No county for young men — a headline that might illustrate the job predicament in the West of Ireland at the moment.
But in this case the line applies specifically to Roscommon’s footballers. With 17 of the panel living in Dublin, the bright lights of the city seems to have set their souls on fire.
Manager Des Newton is also in the capital, a principal in Adamstown Community College just outside Lucan. Karol Mannion is long established there, where he works as a solicitor in the city centre. Donie Shine is a marketing executive with emobile in Kilmainham.
Like Cathal Cregg, who’s now based in Athlone, Shine is a graduate of Dublin City University, which has truly become a home away from home for young Roscommon players.
The Glasnevin institution hosts nine of Newton’s current panel — just two less than the 11 who were involved in the U21s’ recent All-Ireland final defeat to Dublin.
From the beginning of his playing days in the early 1990s, former Roscommon goalkeeper Shane Curran remembers several Dublin-based team-mates. There was displacement but there were few difficulties and even fewer now — all training sessions have been held in the county this year.
“To be fair, when I started there were nine or 10 lads in Dublin so it hasn’t been that much of a sea change,” he said.
“We’re just lucky to be keeping lads in the country and the GAA’s a great vehicle for that. Plus with the infrastructure the way it is, you can get from Dublin to Roscommon town in an hour and 30 minutes.
“In Des Newton’s playing days, it was a three-hour trip driving up through the towns and villages of Westmeath. The stress and all that has been eliminated.”
Car pooling is a necessity for a county board rightfully mindful of the extreme financial difficulties they faced just two years ago. But with no major third level institute in Roscommon, Curran says Dublin is “the choice for football lads from the west”.
DCU’s professor Niall Moyna jokes when he’s asked why so many Roscommon players ar on campus: “We offered each of them half a million,” he quips, a dig at those who have criticised the college’s elite scheme.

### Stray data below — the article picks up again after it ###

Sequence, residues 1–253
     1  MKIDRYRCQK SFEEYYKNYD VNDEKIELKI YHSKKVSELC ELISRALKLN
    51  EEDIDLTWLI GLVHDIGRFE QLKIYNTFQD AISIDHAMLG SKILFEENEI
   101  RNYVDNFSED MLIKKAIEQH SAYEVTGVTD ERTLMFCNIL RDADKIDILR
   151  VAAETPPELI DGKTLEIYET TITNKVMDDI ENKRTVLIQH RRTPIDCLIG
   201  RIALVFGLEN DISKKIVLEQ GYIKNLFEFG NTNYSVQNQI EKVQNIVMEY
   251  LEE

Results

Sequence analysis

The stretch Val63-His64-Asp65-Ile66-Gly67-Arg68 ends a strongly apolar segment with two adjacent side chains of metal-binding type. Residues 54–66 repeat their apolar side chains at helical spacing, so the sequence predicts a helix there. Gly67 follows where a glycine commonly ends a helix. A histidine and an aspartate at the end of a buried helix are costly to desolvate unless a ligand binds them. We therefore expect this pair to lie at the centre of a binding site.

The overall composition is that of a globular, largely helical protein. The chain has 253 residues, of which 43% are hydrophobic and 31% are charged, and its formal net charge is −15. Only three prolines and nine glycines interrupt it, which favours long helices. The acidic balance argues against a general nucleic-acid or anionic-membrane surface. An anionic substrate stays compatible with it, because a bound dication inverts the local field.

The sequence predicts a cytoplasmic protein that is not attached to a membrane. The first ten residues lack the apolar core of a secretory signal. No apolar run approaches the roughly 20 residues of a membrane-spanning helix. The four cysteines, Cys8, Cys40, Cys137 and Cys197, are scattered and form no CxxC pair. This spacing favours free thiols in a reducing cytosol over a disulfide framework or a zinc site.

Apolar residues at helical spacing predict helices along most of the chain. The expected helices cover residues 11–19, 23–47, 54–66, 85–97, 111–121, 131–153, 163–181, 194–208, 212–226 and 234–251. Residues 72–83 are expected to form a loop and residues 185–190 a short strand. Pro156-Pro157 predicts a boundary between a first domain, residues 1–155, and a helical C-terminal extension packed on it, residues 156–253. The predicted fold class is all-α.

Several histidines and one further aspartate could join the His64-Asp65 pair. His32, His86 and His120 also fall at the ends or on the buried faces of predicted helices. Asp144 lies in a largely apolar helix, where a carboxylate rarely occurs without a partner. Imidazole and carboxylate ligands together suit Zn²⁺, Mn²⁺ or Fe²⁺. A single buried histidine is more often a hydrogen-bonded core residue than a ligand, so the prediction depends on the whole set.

The truth lies with a Frenchpark man and recently-retired secretary of DCU, Martin Conroy. Realising the benefits of playing and training with players from the traditional football counties, he convinced his county about DCU’s merits as a breeding ground for success.
As Moyna takes up the story: “A couple of years after we established the academy, Martin, coming from a supposedly weaker county, saw how players from non-Dublin counties who were with us improved during their four years here.
“He used to always say to me if fellas from weaker counties could just come up here and play with these other fellas they would be given so much confidence. They would begin to realise they’re as every bit as good.
“But when you stay at home and you’re hibernated in your own part of the world and you don’t get to do this you tend to put other counties up on a pedestal.”
Having seen Cregg and David Keenan prosper and win Sigerson Cup medals, word spread like prairie fire across the county that DCU was the place to be for aspiring footballers. Shine, Neil Collins, Donie Smith, Colin Compton and Ciaran Cafferkey soon joined. A trend was set.
Moyna knows the circumstances aren’t ideal for preparing a senior inter-county team but adds that no U21 is starting for Roscommon tomorrow.
“It’s only for a small period of their lives — three or four years at most. You’ll find the vast majority of players in university are just breaking into the inter-county teams. It’s not as if they form the backbone of the team.”
Moyna has been informed more young footballers from the county are applying to study in DCU next year. When it comes to the university, he’s obviously biased but his work with Dublin’s All-Ireland-winning footballers tells him Sigerson football is a closer link to senior inter-county football than U21.
“Roscommon have been very smart. They don’t have anywhere near the resources that the larger counties are going to have.
“Obviously, they have done a phenomenal job themselves internally. The success they’ve had at underage levels over the last number of years is clearly down to long-term planning. It’s not just DCU.
“The Roscommon County Board have probably seen the benefits of their students going on to play at Sigerson level.
“The step up from U21 to Sigerson is a chasm now. But the step up from Sigerson to inter-county football is just a step. Most of them are playing at that level.”
Over the next week or two as exams finish up, the Dublin-based students will return to the county. Normality, to a certain extent, will be restored.
Regardless of what happens tomorrow, they’re making capital gains.
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